Trading Cost Management Of Mutual Funds
Erasmus University Rotterdam (EUR)
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January 27, 2016
This paper documents the trading behaviour of actively managed equity mutual funds from the perspective of their trading cost management. Consistent with the predictions in the literature of portfolio choice with trading costs, I present three main findings. Firstly, mutual funds trade more liquid stocks than illiquid stocks when there are large fund flows. Secondly, these mutual funds spread their trades over stocks, especially for outflow-driven sales. Finally, they also spread their flow-driven trades over time and use cash buffers. Spreading trades over stocks and time is consistent with a trading cost increasing and convex in trading amount, which is also consistent with the key assumption in Berk and Green (2004) that costs are increasing and convex in fund size.
Trading Cost Management Of Mutual Funds – Introduction
Since Constantinides (1986), theories on portfolio choice with trading costs have developed rapidly. Recent works, such as Scholes (2000), Duffie and Ziegler (2003) and Brown, Carlin, and Lobo (2010), have suggested that financial institutions that have urgent liquidity needs should sell liquid assets first in order to reduce the trading costs. Garleanu and Pedersen (2013) recommend that investors “trade gradually towards the aim” in order to reduce price impact costs. However, there is little empirical evidence to support those claims, and there is still uncertainty regarding the extent to which institutional investors actually care about trading costs, and what they actually do to reduce them. In this paper, I attempt to address this knowledge gap by looking directly at the trading behavior of mutual funds. I conduct this analysis using the holding data of mutual funds and find that trading-cost-management behavior exists and is consistent with theoretical predictions. Specifically, using quarterly holding data of mutual funds from 1980 to 2009, I investigate how actively managed equity mutual funds trade in order to reduce trading costs and the price impact of trades.
The trading strategy is always a joint decision of maximizing the profits and minimizing the trading costs, and usually the trading motives1 are not observable in publicly available data2. Therefore, the biggest challenge of this study is to identify the trading cost management from other trading motives. In this paper, I use fund flows for this identification. Firstly, it is because fund flows are observable, which can be calculated as the changes of total net assets (TNA) adjusted by fund returns from the data. Secondly, mutual funds are forced to trade when there are large fund flows.3 In this paper, I define the trades caused by fund flows as ow-driven trades. Thirdly, fund flows are largely exogenous to their investment strategies.4 Fourthly, price-impact costs lay a crucial role for ow-driven trades since the size of ow-driven trades is usually very large. Flow-driven trades account for about 28% of all trading activities of active mutual funds, and the total amount of flow-driven trades every year is about 100% of their total net assets. Therefore, I focus my analysis on ow-driven trades.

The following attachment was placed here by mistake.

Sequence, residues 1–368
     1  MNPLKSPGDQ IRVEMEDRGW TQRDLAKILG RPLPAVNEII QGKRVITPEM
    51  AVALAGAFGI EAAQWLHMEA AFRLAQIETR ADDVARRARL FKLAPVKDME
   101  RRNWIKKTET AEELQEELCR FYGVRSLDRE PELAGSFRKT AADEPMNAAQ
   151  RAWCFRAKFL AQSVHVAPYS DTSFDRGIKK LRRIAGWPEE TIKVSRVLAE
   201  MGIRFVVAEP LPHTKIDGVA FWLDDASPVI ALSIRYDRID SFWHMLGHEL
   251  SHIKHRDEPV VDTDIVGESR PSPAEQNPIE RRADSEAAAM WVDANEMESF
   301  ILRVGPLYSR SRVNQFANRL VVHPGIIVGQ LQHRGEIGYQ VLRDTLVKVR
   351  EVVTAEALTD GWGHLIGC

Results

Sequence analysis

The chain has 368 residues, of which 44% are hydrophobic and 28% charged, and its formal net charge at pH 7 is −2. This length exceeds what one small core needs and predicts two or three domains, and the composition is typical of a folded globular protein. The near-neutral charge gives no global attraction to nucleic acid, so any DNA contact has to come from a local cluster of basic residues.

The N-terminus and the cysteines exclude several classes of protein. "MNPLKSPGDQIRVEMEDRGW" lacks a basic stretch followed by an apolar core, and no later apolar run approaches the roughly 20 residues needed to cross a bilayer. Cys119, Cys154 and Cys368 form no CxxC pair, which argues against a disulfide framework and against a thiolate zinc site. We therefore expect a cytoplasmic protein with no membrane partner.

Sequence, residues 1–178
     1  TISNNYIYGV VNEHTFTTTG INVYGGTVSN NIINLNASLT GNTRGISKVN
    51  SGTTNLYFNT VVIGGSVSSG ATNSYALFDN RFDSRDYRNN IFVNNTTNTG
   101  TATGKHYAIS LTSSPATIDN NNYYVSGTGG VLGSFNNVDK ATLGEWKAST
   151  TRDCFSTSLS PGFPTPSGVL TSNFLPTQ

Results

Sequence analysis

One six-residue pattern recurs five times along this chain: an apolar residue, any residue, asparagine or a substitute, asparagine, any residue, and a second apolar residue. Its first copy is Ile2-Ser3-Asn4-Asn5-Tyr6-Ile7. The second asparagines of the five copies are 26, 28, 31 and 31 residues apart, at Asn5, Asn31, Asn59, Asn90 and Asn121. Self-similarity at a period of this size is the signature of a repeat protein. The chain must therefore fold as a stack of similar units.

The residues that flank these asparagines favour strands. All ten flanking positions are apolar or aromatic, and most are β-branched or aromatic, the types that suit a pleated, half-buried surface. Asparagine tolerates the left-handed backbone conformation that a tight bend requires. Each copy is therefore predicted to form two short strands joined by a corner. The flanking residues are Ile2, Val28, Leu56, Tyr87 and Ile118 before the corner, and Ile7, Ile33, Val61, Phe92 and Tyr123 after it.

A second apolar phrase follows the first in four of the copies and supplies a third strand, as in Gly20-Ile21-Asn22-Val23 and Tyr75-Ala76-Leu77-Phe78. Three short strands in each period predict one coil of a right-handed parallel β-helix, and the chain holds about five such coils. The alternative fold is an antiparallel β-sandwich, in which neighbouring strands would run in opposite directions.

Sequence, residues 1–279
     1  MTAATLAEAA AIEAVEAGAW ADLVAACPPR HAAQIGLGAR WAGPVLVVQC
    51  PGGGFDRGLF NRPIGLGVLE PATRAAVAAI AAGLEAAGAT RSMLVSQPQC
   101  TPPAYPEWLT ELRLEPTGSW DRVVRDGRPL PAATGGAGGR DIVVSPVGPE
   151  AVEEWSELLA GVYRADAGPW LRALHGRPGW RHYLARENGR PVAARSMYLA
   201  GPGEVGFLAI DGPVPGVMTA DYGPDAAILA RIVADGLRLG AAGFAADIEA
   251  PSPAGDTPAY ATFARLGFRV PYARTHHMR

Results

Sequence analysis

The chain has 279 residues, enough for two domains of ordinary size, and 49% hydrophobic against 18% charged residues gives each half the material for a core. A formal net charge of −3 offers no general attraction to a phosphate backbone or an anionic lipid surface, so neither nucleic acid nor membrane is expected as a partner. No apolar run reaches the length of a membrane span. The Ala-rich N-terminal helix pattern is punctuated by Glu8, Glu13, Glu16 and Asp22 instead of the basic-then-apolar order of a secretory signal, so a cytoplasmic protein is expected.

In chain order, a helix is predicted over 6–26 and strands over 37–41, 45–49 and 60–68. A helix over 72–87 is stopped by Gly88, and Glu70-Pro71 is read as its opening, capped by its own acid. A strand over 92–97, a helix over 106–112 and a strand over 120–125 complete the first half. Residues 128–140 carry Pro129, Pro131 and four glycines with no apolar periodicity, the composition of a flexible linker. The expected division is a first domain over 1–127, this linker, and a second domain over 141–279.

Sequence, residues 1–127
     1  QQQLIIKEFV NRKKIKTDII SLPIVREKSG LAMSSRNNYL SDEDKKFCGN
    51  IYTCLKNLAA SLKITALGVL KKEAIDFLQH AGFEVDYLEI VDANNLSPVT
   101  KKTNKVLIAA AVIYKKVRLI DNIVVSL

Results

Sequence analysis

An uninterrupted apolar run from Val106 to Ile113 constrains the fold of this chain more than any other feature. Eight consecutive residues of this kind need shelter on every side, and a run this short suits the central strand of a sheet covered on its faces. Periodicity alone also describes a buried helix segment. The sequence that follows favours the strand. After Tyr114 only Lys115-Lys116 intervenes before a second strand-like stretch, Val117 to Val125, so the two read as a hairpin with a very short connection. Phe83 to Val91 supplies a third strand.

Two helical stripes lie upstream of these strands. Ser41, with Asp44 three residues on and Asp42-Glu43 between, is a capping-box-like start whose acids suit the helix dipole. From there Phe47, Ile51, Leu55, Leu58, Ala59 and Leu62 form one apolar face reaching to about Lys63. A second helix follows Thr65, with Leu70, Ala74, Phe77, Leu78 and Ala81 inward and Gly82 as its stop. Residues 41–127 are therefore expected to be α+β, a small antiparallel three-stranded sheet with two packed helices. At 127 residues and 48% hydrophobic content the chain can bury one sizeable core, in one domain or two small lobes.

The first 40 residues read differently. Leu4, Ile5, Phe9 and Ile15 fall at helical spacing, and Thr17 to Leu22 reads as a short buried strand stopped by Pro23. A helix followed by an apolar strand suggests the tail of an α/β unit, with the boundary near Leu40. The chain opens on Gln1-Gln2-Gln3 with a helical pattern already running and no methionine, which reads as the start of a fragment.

I find evidence for three aspects of trading-cost-management behavior predicted by theories,
(1) They trade more liquid stocks than illiquid stocks when there are large fund flows;
(2) They spread their ow-driven trades over stocks (trade more stocks) to reduce price impact of trades;
(3) They use cash buffers to spread their ow-driven trades over time.
I do both portfolio analysis and regression analysis for each of these. For the portfolio analysis, I sort all fund-quarter observations into deciles based on their quarterly fund flows. I find that, firstly, mutual funds trade relatively more liquid stocks in their portfolios when they face large fund flows. Secondly, rather than scaling up or down their portfolio proportionally, most mutual funds only trade a small number of stocks when facing small fund flows. They trade more stocks when facing larger fund flows to reduce the price impact of trades, but they still trade only a fraction of stocks in their portfolios (about 50% to 60%) when facing extremely large fund flows. Thirdly, they have less stock holdings and more cash buffers when there are in flows and more stock holdings and less cash buffers when there are out flows.
Then, I do regression analysis using both fund level data and fund-stock level holding data. Firstly, using fund level data, I study the relation between the average liquidity of stocks traded and the size of fund flows. I find that the average liquidity of stocks sold increases with the magnitude of fund out flows, and the average liquidity of stock bought increases with the magnitude of fund in flows. This tendency is stronger for out ow-driven sales than in ow-driven purchases since out ow-driven sales are usually more urgent than in ow-driven purchases. Consistently, the analysis using fund-stock-level holding data shows that the ow-driven trade is on average 10% larger for a stock 1 standard deviation more liquid across individual stocks.
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